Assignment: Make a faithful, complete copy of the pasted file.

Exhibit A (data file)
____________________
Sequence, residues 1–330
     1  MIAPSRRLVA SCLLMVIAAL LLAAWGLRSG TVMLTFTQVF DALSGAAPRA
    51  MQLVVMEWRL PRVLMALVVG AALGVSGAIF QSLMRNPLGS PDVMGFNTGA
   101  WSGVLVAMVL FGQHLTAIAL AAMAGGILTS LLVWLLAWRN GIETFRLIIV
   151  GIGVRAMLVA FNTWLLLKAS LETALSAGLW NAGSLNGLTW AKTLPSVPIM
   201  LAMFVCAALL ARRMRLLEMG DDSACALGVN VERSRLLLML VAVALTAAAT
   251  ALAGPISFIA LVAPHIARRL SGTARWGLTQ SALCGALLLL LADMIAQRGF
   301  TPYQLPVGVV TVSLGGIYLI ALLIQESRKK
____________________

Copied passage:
Sequence, residues 1–330
     1  MIAPSRRLVA SCLLMVIAAL LLAAWGLRSG TVMLTFTQVF DALSGAAPRA
    51  MQLVVMEWRL PRVLMALVVG AALGVSGAIF QSLMRNPLGS PDVMGFNTGA
   101  WSGVLVAMVL FGQHLTAIAL AAMAGGILTS LLVWLLAWRN GIETFRLIIV
   151  GIGVRAMLVA FNTWLLLKAS LETALSAGLW NAGSLNGLTW AKTLPSVPIM
   201  LAMFVCAALL ARRMRLLEMG DDSACALGVN VERSRLLLML VAVALTAAAT
   251  ALAGPISFIA LVAPHIARRL SGTARWGLTQ SALCGALLLL LADMIAQRGF
   301  TPYQLPVGVV TVSLGGIYLI ALLIQESRKK